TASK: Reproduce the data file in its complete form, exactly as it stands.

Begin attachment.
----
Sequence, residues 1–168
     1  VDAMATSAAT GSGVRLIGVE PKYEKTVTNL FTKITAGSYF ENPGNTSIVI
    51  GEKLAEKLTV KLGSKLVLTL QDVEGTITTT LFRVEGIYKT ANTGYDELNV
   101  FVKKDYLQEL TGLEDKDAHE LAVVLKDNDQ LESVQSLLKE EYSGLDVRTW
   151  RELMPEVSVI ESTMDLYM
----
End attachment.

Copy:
Sequence, residues 1–168
     1  VDAMATSAAT GSGVRLIGVE PKYEKTVTNL FTKITAGSYF ENPGNTSIVI
    51  GEKLAEKLTV KLGSKLVLTL QDVEGTITTT LFRVEGIYKT ANTGYDELNV
   101  FVKKDYLQEL TGLEDKDAHE LAVVLKDNDQ LESVQSLLKE EYSGLDVRTW
   151  RELMPEVSVI ESTMDLYM